Today the Great Irish Horse Faires are still held and the Highland Games are still played. As recently as 1850, the hills of Carmarthenshire in Wales were crowded with weepers for Llew Llaw on the first Sunday on August. The practice was denounced as Pagan and discontinued but the Welsh faire was kept. Lughnassadh still survives as Lammas with much of it's original traditions intact. However we choose to celebrate it today, it should be remembered with thanksgiving for the harvest.

Suggested Pdf Resources

Lughnasadh 2009 Welcome to the Lughnasadh edition of EOLAS
Isis Moon Lughnasadh 2010
Welcome to the Lughnasadh 2010 edition of “Isis Moon“. Despite good Winter rains, the November heatwave started the demise of my garden.
Lughnasadh 2011
TERRA presents. TERRA presents. Lughnasadh in the Park.
Lughnasadh Issue, Y.R. XLVIII August 1, 2011 c.e. Volume 27, Issue 5
Lughnasadh Issue, Y.R. XLVIII.
1 “Dancing at Lughnasadh” Sermon by Sharon Wylie August 1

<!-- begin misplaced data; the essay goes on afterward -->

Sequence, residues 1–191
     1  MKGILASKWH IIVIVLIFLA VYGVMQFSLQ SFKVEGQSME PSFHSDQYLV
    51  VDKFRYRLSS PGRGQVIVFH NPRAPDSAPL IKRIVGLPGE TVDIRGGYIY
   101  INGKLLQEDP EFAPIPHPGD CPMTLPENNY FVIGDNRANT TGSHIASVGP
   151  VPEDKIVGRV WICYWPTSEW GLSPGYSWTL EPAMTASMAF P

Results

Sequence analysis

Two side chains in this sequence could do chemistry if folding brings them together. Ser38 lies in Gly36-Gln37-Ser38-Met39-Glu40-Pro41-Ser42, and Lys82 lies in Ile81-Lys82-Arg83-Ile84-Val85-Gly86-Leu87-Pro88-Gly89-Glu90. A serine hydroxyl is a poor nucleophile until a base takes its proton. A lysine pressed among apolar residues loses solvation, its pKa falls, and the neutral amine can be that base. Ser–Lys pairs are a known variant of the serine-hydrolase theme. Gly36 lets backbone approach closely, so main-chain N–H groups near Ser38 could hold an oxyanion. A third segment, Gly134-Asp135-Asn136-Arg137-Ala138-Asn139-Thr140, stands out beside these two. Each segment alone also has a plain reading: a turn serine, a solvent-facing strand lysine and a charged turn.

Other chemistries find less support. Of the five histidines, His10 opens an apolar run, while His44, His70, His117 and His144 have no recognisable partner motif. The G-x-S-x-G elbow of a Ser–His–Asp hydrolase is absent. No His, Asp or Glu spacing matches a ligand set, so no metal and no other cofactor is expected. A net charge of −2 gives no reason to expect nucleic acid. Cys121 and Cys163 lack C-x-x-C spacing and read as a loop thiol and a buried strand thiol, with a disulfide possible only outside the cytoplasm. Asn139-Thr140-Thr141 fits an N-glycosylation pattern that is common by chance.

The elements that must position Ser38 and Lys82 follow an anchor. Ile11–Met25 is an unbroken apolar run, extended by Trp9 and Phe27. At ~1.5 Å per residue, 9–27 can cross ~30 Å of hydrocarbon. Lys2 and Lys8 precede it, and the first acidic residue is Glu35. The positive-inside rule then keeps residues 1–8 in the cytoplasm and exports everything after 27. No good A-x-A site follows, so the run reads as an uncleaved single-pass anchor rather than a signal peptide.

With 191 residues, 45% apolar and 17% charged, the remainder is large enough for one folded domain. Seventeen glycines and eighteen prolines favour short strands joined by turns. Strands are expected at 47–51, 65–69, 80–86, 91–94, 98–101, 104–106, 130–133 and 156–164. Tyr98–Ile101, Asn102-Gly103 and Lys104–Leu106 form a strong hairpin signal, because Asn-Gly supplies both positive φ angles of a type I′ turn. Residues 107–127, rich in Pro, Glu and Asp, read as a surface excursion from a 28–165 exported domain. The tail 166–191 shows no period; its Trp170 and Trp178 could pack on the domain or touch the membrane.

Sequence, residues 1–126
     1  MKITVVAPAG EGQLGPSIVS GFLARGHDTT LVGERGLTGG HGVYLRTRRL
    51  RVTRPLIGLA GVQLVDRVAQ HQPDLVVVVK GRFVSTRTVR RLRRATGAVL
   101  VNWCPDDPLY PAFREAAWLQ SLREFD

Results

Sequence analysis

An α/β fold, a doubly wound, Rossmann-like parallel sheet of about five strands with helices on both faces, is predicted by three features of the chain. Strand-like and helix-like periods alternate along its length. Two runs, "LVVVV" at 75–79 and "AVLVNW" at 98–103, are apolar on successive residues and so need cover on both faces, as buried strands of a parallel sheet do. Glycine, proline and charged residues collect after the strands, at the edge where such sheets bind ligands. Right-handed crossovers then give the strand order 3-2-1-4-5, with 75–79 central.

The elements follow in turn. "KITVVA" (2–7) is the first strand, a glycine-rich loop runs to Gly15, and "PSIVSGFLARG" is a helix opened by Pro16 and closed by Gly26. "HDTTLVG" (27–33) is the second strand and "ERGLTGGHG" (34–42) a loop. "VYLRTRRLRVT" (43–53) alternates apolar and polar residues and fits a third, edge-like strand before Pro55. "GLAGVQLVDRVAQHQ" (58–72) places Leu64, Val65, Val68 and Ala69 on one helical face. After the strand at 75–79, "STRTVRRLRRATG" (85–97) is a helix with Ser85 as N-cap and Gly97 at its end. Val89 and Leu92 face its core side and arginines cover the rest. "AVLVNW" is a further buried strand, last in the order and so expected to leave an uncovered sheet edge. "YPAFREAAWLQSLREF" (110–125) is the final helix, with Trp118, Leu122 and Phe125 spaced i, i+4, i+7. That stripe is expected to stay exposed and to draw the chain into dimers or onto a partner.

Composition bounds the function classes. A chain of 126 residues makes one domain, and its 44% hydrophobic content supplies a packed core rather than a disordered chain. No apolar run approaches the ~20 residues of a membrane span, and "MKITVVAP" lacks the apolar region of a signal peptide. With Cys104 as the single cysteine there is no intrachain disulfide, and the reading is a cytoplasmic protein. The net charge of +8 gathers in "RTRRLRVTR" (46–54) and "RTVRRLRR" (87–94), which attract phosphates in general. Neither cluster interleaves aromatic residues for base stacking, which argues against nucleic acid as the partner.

Aug 1, 2010 Lughnasadh is a Neopagan holiday that celebrates the beginning of the harvest season the more difficult to pronounce name, Lughnasadh.

Suggested News Resources

Events planned to mark the feast of Lughnasadh
TO coincide with Heritage Week, Dolores Whelan is hosting a festival celebrating the ancient feast of Lughnasadh in Ravensdale.
Ravensdale festival
RAVENSDALE is set to mark Heritage Week 2011 by celebrating with a Lughnasadh Festival which is running on August 26 and 27. The festival kicks off in Ravensdale Community Hall on Friday, August 26 at 7.
A Blessed Lughnasadh
Today is Lughnasadh (also known as Lammas) the first of three harvest festivals celebrated in many modern Pagan traditions.
Hundreds of events to take place before Heritage Week ends
There are plenty of events happening across the Wee County, including the Ardee Medieval Festival and a celebration of Lughnasadh.
Valley Views: Touch the earth
In Ireland the festival is often called Lughnasadh, named for the Celtic deity Lugh, who sought to honor his foster mother Tailtiu.

Suggested Web Resources

Lughnasadh - Wikipedia, the free encyclopedia
Lughnasadh is a traditional Gaelic holiday celebrated on 1 August.
Lughnasadh - Overview by Christina - Witchvox Article
A different look at the holiday with ritual information included.
Lughnasadh marks the begin of the noticeable descent of the Sun into the darkness of winter.
Blessed Lughnasadh!!!!!!!!
Lughnasadh, also called Lammas, is the Celebration of Harvest and begins what is called "the chase of Lugh".